Traveling across the service territory, the team began evaluating trees flagged by the app as “in decline.” In several cases, the trees’ low vitality was obvious. These trees clearly needed some attention to eliminate the risk of an outage, and even an inexperienced ground patrol would have spotted them straight away.
This was not the case with all the trees in decline. With a satellite resolution of 50 cm, even minor limb dieback showed up. The team required a more in-depth visual inspection to confirm the vitality decrease picked up by the AI. Even so, it was beneficial to highlight these declines before the process began. The accuracy of the plant vitality and change detection highlighted changes that weren’t readily identifiable with the naked eye.

While walking away from the ailing tree, it occurred to the team that their vision of the environment was almost magically augmented, allowing them to see things that human sight alone could not. As that first day wrapped up and they made their way back to their vehicles, they reviewed the events of the day.

They may not have achieved perfect results, but they targeted areas for improvement. Because the model had performed so well on species it recognized from previous projects, it suggested it was a matter of calibration and training. LiveEO’s project manager defined the steps to improve the AI’s training on dense/high-variety woodlands like in Joplin, Missouri. For a start, they knew they had to double the length of their local species list.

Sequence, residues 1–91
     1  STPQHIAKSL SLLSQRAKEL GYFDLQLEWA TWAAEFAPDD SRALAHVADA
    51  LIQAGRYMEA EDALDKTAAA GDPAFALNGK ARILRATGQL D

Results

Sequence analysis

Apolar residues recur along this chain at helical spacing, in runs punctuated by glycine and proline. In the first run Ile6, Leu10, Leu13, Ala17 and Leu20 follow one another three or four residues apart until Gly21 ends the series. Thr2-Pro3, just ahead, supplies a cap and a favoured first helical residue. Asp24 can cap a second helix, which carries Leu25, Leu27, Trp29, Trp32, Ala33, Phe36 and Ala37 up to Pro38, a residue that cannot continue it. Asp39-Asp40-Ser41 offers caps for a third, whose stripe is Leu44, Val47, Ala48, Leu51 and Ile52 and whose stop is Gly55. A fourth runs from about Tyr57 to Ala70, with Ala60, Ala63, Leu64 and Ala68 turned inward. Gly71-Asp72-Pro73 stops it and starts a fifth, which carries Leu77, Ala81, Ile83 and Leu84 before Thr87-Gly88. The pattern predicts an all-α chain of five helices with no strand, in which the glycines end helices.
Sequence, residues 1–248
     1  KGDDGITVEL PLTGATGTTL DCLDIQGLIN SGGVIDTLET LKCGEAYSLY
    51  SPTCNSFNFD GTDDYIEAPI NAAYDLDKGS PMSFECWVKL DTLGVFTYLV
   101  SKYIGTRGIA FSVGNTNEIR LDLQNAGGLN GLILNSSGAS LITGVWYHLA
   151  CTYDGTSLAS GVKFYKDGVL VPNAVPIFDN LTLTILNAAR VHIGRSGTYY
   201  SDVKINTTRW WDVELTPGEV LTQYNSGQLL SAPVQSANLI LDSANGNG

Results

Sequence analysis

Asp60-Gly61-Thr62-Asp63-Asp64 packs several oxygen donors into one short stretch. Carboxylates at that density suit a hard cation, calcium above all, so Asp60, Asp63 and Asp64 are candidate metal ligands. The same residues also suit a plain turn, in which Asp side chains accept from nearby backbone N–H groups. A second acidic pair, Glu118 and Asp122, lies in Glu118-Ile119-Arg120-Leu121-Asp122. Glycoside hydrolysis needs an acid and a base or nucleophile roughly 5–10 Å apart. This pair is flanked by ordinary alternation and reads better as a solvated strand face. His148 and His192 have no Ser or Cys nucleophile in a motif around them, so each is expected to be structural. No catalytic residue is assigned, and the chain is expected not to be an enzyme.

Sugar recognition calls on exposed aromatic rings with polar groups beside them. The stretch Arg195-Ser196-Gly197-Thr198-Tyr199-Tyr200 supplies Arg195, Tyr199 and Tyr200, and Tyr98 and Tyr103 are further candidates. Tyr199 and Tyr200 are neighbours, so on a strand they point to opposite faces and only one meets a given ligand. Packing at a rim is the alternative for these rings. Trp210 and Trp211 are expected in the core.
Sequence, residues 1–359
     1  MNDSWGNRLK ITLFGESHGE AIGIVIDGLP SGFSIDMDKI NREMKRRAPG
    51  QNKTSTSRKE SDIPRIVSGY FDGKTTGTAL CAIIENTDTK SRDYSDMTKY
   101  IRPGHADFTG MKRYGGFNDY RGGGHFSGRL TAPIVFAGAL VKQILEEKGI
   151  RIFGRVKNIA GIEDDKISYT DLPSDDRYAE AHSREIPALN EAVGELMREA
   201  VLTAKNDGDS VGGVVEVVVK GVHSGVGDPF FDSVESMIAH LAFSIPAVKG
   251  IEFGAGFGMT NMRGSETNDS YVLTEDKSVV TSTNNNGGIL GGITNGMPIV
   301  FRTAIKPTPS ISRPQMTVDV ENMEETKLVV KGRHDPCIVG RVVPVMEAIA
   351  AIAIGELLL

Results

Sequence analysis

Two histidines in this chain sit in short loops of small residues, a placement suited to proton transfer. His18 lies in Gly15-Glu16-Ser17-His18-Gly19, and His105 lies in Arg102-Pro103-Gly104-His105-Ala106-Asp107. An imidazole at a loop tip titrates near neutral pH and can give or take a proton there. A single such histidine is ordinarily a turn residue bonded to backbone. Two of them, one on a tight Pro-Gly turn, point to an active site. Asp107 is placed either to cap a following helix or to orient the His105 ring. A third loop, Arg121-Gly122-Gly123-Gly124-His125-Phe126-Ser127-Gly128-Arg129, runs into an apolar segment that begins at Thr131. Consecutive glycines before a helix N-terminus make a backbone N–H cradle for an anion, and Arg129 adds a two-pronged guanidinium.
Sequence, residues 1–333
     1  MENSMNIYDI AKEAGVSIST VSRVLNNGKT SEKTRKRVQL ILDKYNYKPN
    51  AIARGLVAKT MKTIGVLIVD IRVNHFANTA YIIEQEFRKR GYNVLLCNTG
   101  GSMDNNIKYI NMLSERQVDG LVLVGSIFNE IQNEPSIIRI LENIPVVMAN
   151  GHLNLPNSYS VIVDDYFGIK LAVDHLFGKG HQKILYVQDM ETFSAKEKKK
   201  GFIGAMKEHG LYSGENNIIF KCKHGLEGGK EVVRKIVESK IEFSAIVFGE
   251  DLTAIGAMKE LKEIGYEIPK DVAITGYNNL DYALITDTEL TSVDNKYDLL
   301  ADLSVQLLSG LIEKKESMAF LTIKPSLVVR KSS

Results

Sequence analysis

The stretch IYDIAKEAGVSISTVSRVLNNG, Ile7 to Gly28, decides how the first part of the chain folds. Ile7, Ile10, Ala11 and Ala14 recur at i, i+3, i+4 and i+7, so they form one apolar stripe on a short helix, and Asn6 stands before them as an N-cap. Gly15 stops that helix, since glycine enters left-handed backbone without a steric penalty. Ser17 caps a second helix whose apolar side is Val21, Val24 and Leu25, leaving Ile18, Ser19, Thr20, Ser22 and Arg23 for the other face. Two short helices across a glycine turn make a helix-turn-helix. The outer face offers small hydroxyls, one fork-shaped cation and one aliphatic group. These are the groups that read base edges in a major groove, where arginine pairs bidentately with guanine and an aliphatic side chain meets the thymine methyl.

Meanwhile, the team from Liberty talked numbers: would the day’s results hold up their projections? With the time and money they’d save cutting overflights, how many more of those critical fall risks could they get to — all of them? It felt like the conversation was only starting.

Over the following months and a series of reruns, species identification accuracy improved in large steps. Seeing how fast the AI technology evolved and improved felt more exciting than the high accuracy the established modules had displayed. This was no regular tool Liberty was adding to its tool kit. This tool was self-improving, and it was a fast learner too.

Jason Grossman ([email protected]) is the vegetation control coordinator for transmission for Liberty. He started working in utility forestry in 2006 as a contractor with Environmental Consultants Inc. and joined Empire District Electric in 2008 as the distribution coordinator. Grossman earned his degree in agricultural science and natural resource management from Oklahoma State University. He is a founding member of the City of Joplin Tree Board, for which he served as chairman from 2009-2013.

Nick Ferguson ([email protected]) is vice president infrastructure at LiveEO GmbH, a company specializing in using AI to analyze data from earth
observation satellites. He is also the co-host of the CEU-accredited UVM Podcast which won the UAA’s Education Award in 2022. With bachelor’s and MBA degrees, he has an academic background and interest in the application of innovative spatial technologies to generate value for electrical utilities. He has worked alongside utilities with global exposure to best practices in the United States, Canada, Australia, the U.K., the Middle East, Africa and India.